Tonality is also taken as a synonym for the related concept of 'Key' in music.
We all remember the solfège song, "Doe, a deer, a female deer..." from Sound of Music. With such ease, on singing that song, can one remember the basic syllables of the theory of music. Beyond learning the solfège, we also get to know the different pitches or the variations, like a 'higher' pitch and a 'lower' pitch.
Just like percussion is not identified without rhythm, similarly, a tune played on a piano or a violin would not exist without a structural relation between the different notes played in the tune. 'To be in tune' best implies the functional aspect of tonality.
Tonality in Music
Definition: Tonality is a principle by which pitches and chords are arranged around a central note or tonic. Tonic refers to the first note or degree of the diatonic scale (major or minor).
It is primarily a system of relationships between notes, chords, and keys, or sets of notes and chords. This characterized Western music between the 1600s and 1910. Tonality can also be simplified as the organizing of notes, chords, and keys around a centrally or focally important tone.
Tonality is also used to refer to the major and minor scale types. These are both diatonic scales, which are based on the standard use of five tones and two semitones. Melodies and chords are built using the notes of these two scales.
A common example of tonality can be the major tonality, where the tones 'do', 're', 'mi', 'fa', 'so', 'la', and 'ti' are used, with 'do' being the tonal center or home-note. The sense of tonality tells us whether a piece of music sounds right or not.
In this case, if the music ends on the note 'do', it sounds correct or in tune. Or even the order in which the notes are used, like 'do-ti-do' sounds right, as they appear in the melody.
Tonic, in music, is the focus of any musical composition. It is like the most significant degree of the scale. Be it melody or harmony, the tonic or keynote shows the most influence, as that note is revisited a maximum number of times as compared to any other notes. From that stems the adjective of tonal, and thus, the noun tonality.
The relationship within every key is a kind of hierarchy; the notes and chords have strong and weak relationships with the keynote or tonic note and to the tonic chord (chord built on that tonic note). Other keys are differently related to the tonic key too.
Tonality is also known to be an attribute of classical music. For example, Indian classical music is known to be tonal. There are several similarities in Indian and Western music. However, tones in Indian music are expressed through melody (raagas), unlike through harmony (use of chords) in Western music.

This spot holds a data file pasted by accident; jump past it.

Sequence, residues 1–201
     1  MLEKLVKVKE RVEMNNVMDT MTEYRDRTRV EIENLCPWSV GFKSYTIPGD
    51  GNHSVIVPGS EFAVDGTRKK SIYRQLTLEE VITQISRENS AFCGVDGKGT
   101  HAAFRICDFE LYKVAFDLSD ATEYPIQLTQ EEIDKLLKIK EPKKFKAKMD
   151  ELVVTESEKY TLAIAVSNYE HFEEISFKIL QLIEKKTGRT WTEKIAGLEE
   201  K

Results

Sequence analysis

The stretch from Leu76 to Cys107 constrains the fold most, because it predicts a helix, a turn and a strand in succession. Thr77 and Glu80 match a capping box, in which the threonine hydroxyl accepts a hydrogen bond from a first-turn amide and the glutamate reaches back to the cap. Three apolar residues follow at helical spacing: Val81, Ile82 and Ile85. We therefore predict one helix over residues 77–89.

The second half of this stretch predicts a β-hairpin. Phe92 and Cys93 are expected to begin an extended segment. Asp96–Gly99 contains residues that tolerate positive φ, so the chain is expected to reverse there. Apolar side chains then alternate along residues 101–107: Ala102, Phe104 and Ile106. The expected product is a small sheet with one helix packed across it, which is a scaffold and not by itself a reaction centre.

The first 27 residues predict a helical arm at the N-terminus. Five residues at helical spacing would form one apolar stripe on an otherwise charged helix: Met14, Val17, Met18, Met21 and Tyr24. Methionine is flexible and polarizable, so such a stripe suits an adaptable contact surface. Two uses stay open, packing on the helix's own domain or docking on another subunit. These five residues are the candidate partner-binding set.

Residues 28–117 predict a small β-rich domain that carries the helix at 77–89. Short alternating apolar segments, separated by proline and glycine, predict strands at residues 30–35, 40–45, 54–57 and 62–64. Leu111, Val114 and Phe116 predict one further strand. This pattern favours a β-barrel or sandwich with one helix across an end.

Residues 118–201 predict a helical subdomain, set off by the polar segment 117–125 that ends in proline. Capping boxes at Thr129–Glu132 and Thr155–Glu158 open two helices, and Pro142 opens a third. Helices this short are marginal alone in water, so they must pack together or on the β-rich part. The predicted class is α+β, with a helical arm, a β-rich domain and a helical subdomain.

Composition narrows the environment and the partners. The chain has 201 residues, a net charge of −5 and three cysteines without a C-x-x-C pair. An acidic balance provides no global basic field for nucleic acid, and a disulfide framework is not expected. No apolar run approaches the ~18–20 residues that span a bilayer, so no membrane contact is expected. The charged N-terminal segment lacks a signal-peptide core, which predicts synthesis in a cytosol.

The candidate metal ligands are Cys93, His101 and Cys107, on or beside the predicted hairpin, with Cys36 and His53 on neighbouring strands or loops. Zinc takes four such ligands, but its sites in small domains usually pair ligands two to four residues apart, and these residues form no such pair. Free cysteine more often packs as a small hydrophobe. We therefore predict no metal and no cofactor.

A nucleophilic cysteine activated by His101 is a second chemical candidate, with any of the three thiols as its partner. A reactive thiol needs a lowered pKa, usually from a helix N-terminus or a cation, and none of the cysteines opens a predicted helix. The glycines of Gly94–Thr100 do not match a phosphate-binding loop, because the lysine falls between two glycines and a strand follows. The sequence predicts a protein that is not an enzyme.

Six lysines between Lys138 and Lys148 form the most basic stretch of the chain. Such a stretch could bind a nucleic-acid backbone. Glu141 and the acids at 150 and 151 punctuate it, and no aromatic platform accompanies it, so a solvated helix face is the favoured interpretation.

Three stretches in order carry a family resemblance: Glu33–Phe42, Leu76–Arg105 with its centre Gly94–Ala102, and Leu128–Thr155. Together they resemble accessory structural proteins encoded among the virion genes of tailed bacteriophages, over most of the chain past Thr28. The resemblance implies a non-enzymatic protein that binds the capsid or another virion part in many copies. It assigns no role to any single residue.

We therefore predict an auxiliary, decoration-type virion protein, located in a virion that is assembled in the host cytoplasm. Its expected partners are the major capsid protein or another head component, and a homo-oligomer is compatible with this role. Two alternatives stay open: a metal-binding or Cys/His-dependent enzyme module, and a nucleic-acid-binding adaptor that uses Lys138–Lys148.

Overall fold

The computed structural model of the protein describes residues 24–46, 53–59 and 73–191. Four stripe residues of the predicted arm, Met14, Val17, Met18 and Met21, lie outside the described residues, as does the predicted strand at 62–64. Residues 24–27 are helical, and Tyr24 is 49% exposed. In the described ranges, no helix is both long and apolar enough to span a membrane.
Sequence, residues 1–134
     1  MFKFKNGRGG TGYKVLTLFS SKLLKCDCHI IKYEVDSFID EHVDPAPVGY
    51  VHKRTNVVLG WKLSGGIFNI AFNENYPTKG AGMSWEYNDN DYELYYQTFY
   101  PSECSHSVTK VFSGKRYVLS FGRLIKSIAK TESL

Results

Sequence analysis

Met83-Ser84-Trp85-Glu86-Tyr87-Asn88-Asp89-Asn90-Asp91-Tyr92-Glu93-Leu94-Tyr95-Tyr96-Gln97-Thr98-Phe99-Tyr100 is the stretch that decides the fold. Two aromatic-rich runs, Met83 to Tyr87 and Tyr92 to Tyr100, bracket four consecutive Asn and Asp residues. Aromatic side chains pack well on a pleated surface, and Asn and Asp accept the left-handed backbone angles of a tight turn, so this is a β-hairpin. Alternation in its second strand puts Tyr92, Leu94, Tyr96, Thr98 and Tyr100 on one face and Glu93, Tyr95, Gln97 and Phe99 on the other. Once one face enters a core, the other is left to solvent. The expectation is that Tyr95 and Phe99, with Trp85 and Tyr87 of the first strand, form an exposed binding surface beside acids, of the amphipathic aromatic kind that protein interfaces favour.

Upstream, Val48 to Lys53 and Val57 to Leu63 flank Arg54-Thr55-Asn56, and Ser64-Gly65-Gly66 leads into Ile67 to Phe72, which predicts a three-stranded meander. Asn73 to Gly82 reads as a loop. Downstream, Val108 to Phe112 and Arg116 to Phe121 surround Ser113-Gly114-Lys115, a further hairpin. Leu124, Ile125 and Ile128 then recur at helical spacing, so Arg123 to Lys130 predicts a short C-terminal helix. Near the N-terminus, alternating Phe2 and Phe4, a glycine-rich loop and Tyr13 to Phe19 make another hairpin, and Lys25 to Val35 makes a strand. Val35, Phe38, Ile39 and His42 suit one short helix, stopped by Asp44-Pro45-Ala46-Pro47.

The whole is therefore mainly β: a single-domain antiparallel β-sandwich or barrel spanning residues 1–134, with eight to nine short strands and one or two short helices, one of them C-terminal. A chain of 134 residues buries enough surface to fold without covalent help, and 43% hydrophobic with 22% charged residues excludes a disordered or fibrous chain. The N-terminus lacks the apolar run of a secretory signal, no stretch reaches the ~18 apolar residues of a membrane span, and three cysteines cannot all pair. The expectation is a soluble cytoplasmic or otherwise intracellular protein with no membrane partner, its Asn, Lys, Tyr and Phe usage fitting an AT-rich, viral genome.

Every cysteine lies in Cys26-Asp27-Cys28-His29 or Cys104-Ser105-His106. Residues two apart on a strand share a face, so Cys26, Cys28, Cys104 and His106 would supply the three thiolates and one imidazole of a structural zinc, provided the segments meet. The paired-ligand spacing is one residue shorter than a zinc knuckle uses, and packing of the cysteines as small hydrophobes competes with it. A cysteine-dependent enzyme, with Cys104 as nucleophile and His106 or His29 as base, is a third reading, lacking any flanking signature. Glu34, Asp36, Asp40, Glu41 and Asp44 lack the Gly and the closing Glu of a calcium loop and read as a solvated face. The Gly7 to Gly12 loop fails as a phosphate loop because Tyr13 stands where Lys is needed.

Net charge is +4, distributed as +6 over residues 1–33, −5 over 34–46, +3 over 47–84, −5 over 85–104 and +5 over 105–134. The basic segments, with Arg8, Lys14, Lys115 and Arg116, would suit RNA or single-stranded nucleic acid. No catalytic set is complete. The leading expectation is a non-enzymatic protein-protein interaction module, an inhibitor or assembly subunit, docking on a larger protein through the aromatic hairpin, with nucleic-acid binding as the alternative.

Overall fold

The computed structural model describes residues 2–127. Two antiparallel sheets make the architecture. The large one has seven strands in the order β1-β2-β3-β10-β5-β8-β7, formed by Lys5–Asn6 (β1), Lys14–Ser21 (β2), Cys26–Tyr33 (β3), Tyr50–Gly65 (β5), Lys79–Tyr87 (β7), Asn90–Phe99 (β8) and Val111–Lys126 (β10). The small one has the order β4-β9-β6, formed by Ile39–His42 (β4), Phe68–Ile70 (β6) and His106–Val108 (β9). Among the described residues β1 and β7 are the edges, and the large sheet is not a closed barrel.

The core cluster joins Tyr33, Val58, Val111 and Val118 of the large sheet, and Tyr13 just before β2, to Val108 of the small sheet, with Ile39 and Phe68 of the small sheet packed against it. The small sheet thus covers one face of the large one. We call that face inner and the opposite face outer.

Baroque music expanded the use of musical ornamentation, developed new techniques of playing instruments, and made changes to musical notations. It was during this time that the genres of opera, cantata, sonata, oratorio, and concerto were developed.
Importance of Tonality in Music
With understanding the aspect of tonality, one can easily see how a given piece of music is a blend of the chosen notes and chords. It helps us read how different pitches are organized around one central note - the tonal center. It is a task to develop a sense of tonality.
But once you acquire this perspective, it becomes much easier to be in tune while singing, also while playing an instrument. Being able to recognize the tonal center, or follow it once known, serves as a great asset while learning new styles of music, especially across cultures.
What binds many early forms of music includes many features, tonality being one of them. Children listening to good music from an early age can easily develop the sense of tonality as they learn, recognize, and sing various tonal patterns.
The character of the tones or harmonies in music are also recognized due to tonality. It gives us a feel of the kind of music we are listening to. What makes us distinguish between different types of music―like happy-mood, sad or dark, cheerful, or emotional―is this tonality.